Appointing an Agent for a Power of Attorney

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Trust is a key factor when choosing an agent for your power of attorney. Whether the agent selected is a friend, relative, organization, or lawyer, you need someone who will look out for your best interests, respect your wishes, and won’t abuse the powers granted to him or her.

It is important for an agent to keep accurate records of all transactions done on your behalf and to provide you with periodic updates to keep you informed. If you are unable to review updates yourself, direct your agent to give an account to a third party.

As for legal liability, an agent is held responsible only for intentional misconduct, not for unknowingly doing something wrong. This protection is included in power of attorney documents to encourage people to accept agent responsibilities. Agents are not customarily compensated; most do it for free.

Should you, a friend, or relative suspect wrongdoing on the part of your agent, report the suspected abuse to a law enforcement agency and consult a lawyer.

Can and Should you appoint more than one Agent?

While you can appoint multiple agents, decide whether these agents must act jointly or separately in making decisions. Multiple agents can ensure more sound decisions, acting as checks and balances against one another. The downside is that multiple agents can disagree and one person’s schedule can potentially delay important transactions or signings of legal documents.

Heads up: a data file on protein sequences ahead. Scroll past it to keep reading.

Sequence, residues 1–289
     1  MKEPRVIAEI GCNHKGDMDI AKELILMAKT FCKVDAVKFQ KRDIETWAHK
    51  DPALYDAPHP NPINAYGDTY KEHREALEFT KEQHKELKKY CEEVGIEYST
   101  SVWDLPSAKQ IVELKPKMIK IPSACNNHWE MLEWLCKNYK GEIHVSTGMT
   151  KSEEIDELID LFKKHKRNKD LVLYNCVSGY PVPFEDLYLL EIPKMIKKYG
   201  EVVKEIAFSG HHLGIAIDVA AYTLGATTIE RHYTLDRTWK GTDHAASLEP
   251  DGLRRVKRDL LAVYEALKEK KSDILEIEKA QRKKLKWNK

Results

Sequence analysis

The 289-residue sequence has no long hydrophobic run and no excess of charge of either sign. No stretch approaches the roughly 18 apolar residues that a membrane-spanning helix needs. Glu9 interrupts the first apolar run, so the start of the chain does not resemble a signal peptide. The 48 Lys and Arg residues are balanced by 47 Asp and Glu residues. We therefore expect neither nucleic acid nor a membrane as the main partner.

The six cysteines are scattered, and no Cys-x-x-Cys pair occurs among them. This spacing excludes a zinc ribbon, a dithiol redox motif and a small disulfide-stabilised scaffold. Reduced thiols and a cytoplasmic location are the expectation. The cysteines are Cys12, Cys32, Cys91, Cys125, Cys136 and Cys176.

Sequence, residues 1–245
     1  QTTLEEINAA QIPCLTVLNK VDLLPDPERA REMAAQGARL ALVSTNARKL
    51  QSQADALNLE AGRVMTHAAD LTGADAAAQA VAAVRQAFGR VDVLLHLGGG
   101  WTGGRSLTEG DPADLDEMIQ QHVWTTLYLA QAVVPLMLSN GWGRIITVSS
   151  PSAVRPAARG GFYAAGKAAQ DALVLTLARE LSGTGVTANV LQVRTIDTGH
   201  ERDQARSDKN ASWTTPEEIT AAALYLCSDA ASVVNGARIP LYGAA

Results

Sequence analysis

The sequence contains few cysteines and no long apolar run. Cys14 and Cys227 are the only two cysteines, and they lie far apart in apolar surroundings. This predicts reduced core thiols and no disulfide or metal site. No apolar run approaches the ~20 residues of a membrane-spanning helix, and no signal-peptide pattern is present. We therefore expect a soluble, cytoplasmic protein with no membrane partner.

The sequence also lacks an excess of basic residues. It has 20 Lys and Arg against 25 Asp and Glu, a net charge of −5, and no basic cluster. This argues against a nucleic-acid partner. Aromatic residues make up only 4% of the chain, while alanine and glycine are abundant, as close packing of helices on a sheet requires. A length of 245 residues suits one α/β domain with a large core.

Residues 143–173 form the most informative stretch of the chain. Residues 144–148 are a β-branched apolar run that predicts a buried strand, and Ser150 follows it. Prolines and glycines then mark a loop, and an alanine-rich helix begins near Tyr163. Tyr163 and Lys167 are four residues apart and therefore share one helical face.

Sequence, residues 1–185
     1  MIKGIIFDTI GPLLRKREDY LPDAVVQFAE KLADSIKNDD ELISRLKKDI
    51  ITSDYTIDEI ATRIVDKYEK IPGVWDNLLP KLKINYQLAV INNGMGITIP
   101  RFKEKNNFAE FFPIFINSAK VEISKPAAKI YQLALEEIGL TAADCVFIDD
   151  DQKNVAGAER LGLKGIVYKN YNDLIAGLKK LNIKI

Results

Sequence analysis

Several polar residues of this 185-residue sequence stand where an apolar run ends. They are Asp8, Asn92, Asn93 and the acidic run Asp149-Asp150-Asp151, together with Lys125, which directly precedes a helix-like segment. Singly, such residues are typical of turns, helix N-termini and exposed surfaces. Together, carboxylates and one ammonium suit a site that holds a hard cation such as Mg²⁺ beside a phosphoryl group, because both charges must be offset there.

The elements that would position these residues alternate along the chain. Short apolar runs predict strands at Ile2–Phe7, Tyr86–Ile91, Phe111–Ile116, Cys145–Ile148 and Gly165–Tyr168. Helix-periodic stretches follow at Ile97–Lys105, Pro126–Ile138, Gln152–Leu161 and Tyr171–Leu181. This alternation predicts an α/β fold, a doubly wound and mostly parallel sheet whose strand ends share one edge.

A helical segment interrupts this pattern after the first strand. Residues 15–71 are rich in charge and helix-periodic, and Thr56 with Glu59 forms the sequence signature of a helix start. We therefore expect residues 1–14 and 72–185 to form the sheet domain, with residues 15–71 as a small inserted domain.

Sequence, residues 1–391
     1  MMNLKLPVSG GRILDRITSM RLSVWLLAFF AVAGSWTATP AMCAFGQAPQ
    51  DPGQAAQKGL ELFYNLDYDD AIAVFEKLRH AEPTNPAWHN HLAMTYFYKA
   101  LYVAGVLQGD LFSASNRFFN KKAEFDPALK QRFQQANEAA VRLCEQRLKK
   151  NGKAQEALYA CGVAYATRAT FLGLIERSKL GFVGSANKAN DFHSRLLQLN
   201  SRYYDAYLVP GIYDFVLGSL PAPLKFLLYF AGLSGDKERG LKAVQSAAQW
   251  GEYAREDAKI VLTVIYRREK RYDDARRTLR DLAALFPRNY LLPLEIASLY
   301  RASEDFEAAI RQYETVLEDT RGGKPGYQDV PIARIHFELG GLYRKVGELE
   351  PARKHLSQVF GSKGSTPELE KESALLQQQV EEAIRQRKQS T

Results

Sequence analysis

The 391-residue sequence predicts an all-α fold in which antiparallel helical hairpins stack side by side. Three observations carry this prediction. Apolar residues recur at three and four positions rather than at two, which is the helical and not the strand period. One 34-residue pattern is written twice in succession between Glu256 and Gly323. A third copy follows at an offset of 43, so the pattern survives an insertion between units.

If you appoint only one agent, have a backup. Agents can fall ill, be injured, or somehow be unable to serve when the time comes. A successor agent takes over power of attorney duties from the original agent, if needed.

Being of Sound Mind. . .

A power of attorney is valid only if you are mentally competent when you sign it and, in some cases, incompetent when it goes into effect. If you think your mental capability may be questioned, have a doctor verify it in writing. If your power of attorney doesn’t specify requirements for determining mental competency, your agent will still need a written doctor’s confirmation of your incompetence in order to do business on your behalf. A court may even be required to decide the competency issue in some circumstances.

Signing, Sealing, and Delivering a Power of Attorney

You must sign and notarize the original power of attorney document, and certify several copies. Banks and other businesses will not allow your agent to act on your behalf unless they receive a certified copy of the power of attorney.

Attorneys are unnecessary to execute a power of attorney. However, it may be wise to consult one for advice about the powers being granted, to provide counsel on your candidate agent, and to make sure your document meets all legal requirements.

Remember, you can revoke a power of attorney at any time. Simply notify your agent in writing and retreive all copies of your power of attorney. Notify any financial institutions, if applicable, that your agent’s power of attorney has been revoked.

Needing a power of attorney is almost as certain as death and taxes in everyone’s life. Illness, injury, old age, or daily life commitments happen to everyone. It is important to understand what a power of attorney is and how it can assist in taking care of business, even when you can’t.

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